Any engine man these days, no matter how young or old, will have at least a pretty good idea of how electronic fuel injection works. With its speed, temperature and pressure sensors, maps and ECUs, the digital nature of the technology is well understood by many. Go back though say, 40 years and although a good many so-called engine tuners will have thought they knew about fuelling systems, when it came down to it, the complexities of the carburettor required a very special kind of knowledge.
Take the fixed-jet carburettor for instance, a device that young boys and old men used to drool over until they tried to re-jet - or, as we used to say, 'tune' it. Its idle jets, its progression, main jets and accelerator pump offered a myriad of ways of getting it wrong. Take the idle system, for one. With an idle jet, idle mixture adjustment screw and the engine idle speed controlled by the position of the butterfly (yet another screw) eventually it would be possible to get the engine running sweetly at the correct mixture and speed. However, for highly tuned engines the quality of the engine idle and its general roughness sometimes made life a little more difficult.
The main fuelling circuit was equally tricky. For this we had the auxiliary venturi, which provided the signal for the main jet, the air correction jet and the emulsion tube. Air passing through the auxiliary venturi created a negative pressure, which drew the fuel up from the float chamber through the main jet and then down again to be 'sprayed' - or more likely 'spluttered' - into the venturi. At the same time, air was drawn in through the air correction jet, mixed with the fuel via the emulsion tube and passed down with the fuel in the form of a fuel-air emulsion. This air assisted the fuel's atomisation as it entered the engine intake air and, together with the downstream throttle plate, broke up the fuel droplets to give a more homogeneous mixture.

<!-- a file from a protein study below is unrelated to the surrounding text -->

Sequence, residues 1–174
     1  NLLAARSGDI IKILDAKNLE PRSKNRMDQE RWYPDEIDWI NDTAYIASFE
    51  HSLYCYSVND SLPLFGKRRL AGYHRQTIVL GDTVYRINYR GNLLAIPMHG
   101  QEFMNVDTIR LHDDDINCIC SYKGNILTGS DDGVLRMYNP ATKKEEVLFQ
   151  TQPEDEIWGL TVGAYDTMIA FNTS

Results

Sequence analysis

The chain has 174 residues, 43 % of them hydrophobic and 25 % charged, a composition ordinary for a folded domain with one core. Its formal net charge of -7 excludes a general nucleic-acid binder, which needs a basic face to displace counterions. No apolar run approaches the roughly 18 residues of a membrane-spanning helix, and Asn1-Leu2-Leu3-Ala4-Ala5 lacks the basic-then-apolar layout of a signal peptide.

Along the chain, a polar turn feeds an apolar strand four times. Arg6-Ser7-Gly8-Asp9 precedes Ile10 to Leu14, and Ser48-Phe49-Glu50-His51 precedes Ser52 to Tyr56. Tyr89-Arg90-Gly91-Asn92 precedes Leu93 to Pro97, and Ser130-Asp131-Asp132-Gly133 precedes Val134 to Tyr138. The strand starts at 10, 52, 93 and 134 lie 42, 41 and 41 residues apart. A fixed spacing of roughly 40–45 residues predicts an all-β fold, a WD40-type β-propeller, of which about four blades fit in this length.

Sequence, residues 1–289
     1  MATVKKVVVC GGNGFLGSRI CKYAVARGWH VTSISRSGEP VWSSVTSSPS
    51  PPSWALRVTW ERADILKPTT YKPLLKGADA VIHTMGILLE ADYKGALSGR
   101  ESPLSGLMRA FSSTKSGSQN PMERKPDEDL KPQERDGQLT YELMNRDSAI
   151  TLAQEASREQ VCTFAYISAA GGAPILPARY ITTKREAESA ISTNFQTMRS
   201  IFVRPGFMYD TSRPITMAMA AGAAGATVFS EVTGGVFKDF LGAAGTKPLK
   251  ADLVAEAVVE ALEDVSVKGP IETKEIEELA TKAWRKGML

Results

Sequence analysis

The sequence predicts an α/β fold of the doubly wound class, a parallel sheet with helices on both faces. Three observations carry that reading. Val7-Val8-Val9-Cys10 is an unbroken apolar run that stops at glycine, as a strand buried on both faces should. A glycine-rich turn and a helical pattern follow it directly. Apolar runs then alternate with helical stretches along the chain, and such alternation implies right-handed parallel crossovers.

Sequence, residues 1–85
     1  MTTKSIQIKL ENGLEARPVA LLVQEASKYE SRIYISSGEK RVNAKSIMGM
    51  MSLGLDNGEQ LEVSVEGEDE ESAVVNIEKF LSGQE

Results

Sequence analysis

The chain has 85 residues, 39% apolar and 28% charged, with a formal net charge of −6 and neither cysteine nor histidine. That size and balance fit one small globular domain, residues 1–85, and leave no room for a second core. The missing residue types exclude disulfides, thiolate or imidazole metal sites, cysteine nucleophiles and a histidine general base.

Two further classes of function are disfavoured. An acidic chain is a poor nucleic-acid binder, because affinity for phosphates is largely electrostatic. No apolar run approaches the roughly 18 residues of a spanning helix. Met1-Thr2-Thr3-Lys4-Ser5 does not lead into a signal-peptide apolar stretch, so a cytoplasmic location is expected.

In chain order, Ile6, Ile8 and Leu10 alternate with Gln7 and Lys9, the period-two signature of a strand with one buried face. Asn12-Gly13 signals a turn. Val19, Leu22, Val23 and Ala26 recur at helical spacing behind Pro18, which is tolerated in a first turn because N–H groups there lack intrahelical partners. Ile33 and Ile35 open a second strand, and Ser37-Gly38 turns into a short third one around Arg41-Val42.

In a simple fixed carburettor the main fuel jet will, if set to the correct setting at low speed, generate a much richer mixture as the engine speed increases. The air corrector jet on the other hand, has a much greater effect at higher engine speeds, and is incorporated to offset this enrichening tendency. The target for adjusting the main jet and the air correction jet is to produce an air-fuel ratio that is as close to constant as possible throughout the engine running range at both wide-open and part throttle.
To many, however, the emulsion tube is a bit of a mystery and from my observations at the time, few really knew much about them, often adjusting only the main and air correction jets. Although a form of mixing chamber, the emulsion also alters the mixture as the amount of fuel is restricted by the main jet lowering the fuel level in it and uncovering more of the air bleed holes. The emulsion tube can therefore increase the mixture enrichment at low speed or weaken it at low speed. It can also enrichen it for slight accelerations by altering the external diameter of the tube. It all depends on how it is designed.
With the complexities of the idle circuit along with those of the main system, it is no wonder that carburettor tuning was better left to the experts.
Fig. 1 - The fixed-jet carburettor
Written by John Coxon